• loose integration: IMU measurements integration at the Position, Velocity, and Time (PVT) solution.
  • tight integration: IMU measurements Integration at the pseudorange level.
  • ultra-tight integration: IMU measurements integration at the code acquisition and tracking loops directly at signal sample level, using Doppler and carrier phase estimations.

Due to the flexibility provided by the SDR architecture, it is feasible to improve GNSS-SDR by incorporating IMU information to the receiver chain, by implementing one or several integration methods.

The goals of this project are:

Program a GNSS-SDR IMU signal source in charge of obtaining the access to the IMU information. A very popular IMU is available as a part of Wii Mote remote control and there are several open source projects that implements the required device drivers to access to the IMU information. Implement a loose integration algorithm at the PVT module using the Kalman filter algorithm. Implement a tight integration algorithm at the pseudorange level.

Skills required:

Basic knowledge on digital signal processing and C++ programming (familiarity with the GNU Radio framework is a plus).

Mentor:

Dr. Javier Arribas, Dr. Carles Fernández-Prades, Dr. Pau Closas, Mr. Luis Esteve

Integrated GNSS/WiFi positioning

Description:

GNSS outstanding performances are obtained in open sky environments, but in much more challenging scenarios, such as low visibility or indoor positioning, GNSS provides a limited benefit. In order to create a hybrid, heterogeneous positioning receiver able to operate seamlessly in indoor/outdoor scenarios, ubiquitous solutions require combining GNSS with other non-GNSS means. One popular approach (followed by most cell phone manufacturers) is to integrate GNSS with WiFi-based navigation, typically selecting one or the other depending on availability of GNSS satellites.

The goal of this project is to implement an hybrid GNSS/WiFi receiver, able to seamlessly provide position in indoor and outdoor situations. To that aim, specific tasks are:

  • Program a signal source for WiFi front-ends, which will differ from GNSS signal sources we already have in GNSS-SDR. Then, implement a driver for the specific WiFi front-end we will use for the overall validation.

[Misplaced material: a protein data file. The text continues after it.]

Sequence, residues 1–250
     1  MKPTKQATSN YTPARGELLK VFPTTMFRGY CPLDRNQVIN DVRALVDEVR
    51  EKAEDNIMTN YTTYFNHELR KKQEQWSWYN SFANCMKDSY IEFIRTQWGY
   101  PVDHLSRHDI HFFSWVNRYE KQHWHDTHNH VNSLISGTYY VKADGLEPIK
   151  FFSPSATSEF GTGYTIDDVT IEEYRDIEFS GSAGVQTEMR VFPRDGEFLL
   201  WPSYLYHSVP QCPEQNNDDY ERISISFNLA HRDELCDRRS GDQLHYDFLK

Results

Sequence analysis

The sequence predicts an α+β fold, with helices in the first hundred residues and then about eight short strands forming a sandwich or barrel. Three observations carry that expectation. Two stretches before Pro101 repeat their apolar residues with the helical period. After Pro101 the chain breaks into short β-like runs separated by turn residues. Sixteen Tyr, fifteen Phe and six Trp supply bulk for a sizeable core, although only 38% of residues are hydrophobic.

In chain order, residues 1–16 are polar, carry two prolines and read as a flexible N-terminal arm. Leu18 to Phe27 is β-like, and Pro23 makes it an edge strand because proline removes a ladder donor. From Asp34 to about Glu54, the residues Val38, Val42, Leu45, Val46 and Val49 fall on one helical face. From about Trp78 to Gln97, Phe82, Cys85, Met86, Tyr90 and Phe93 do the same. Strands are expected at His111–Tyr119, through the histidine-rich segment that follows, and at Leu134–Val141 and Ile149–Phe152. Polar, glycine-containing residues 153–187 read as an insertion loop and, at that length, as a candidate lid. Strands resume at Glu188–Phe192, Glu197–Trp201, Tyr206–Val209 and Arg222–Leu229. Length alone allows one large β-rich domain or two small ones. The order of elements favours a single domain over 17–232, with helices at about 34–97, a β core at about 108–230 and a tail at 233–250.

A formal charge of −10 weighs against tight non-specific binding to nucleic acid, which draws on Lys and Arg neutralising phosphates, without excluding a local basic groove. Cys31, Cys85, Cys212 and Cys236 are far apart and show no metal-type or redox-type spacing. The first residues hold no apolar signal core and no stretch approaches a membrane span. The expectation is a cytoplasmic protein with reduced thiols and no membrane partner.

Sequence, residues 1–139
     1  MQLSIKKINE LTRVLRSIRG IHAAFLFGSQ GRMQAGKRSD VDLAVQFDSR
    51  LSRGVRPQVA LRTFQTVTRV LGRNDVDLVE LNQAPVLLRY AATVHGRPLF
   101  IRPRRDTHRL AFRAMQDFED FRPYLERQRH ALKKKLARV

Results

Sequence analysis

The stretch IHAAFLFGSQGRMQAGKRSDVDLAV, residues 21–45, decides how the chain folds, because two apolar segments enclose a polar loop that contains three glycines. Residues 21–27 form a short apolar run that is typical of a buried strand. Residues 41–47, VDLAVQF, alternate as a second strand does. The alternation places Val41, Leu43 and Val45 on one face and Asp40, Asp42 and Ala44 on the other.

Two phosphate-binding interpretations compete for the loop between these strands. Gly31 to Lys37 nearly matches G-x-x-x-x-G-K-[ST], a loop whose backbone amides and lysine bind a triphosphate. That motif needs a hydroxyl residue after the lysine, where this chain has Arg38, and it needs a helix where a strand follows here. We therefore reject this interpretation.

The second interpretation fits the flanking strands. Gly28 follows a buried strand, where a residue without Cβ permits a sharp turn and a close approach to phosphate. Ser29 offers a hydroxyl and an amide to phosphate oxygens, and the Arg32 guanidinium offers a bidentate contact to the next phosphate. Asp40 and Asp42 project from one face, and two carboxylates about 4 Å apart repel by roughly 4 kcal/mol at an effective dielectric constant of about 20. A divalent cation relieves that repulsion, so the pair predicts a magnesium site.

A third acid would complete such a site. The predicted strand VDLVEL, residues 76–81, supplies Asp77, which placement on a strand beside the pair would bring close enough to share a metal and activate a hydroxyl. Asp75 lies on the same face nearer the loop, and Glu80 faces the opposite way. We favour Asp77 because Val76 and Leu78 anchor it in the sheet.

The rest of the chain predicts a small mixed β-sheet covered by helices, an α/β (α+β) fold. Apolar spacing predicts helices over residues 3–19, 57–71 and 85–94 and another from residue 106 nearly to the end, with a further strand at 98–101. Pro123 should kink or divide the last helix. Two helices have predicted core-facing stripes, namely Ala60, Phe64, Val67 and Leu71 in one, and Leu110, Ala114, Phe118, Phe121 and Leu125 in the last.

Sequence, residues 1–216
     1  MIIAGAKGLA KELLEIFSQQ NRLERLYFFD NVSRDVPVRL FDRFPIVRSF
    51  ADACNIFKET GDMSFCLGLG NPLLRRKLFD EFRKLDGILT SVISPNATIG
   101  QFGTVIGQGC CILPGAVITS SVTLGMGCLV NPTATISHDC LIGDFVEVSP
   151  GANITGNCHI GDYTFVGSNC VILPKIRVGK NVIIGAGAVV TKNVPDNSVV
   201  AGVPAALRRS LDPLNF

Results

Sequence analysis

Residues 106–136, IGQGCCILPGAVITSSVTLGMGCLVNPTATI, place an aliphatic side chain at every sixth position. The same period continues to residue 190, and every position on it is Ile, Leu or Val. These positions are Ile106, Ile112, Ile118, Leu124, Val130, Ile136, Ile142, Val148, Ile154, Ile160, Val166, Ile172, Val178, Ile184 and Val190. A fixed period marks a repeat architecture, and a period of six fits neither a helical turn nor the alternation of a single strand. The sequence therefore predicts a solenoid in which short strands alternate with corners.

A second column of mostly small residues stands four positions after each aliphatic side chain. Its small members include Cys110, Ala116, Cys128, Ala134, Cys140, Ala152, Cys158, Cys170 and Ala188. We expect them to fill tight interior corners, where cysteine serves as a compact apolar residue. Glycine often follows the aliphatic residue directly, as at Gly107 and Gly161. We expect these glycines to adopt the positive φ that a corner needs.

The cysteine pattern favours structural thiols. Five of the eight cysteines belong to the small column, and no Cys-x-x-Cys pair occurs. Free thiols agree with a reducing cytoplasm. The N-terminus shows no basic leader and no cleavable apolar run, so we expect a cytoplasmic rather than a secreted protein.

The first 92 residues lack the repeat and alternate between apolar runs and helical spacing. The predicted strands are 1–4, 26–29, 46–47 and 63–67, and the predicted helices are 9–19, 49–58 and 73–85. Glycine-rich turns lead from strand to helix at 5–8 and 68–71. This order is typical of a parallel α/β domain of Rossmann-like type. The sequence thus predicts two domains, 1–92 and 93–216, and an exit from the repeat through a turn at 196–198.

• Implement the algorithms to extract the ranging information, and node location from the WiFi nodes.
  • Implement the coupling scheme to fuse the data from GNSS and WiFi sources. This algorithm could range from a simple ‘one or the other’ approach to a more sophisticated Kalman filtering.

Skills required:

Basic knowledge on digital signal processing and C++ programming (familiarity with the GNU Radio framework is a plus).

Mentor:

Dr. Javier Arribas, Dr. Carles Fernández-Prades, Dr. Pau Closas, Mr. Luis Esteve


Finally, remember that if you are interested in contributing to the GNSS-SDR project, there is no need to wait for Google Summer of Code to start; you can contact the developer team right now through the mailing list, take a look through the documentation, source code and bug tracker, suggest new features, etc. Check out how can you participate in GNSS-SDR.

References

  1. Galileo Joint Undertaking, “Galileo Open Service. Signal In Space Interface Control Document (OS SIS ICD)”, Tech. rep., European Space Agency / European GNSS Supervisory Authority, September 2010. 

  2. European Commission Directorate-General for Energy, and Transport, “EGNOS Service Definition Document: Open Service EGN-SDD OS V1.0”, Tech. rep., 2009. 

  3. Global Positioning System Wide Area Augmentation System (WAAS) Performance Standard GPS WAAS PS v1.0”, Tech. rep., US Department of transportation and Federal Aviation Administration, 2008. 

  4. VITA Standards Organization. (2009, May 26). VITA Radio Transport (VRT) Standard, NSI/VITA 49.0-2009. Available from vita.com

  5. J. Arribas, GNSS Array-based Acquisition: Theory and Implementation, PhD Thesis, Universitat Politècnica de Catalunya, Barcelona, Spain, June 2012. 

  6. J. A. Farrell, and M. Barth, The Global Positioning System & Inertial Navigation, McGraw-Hill, 1999.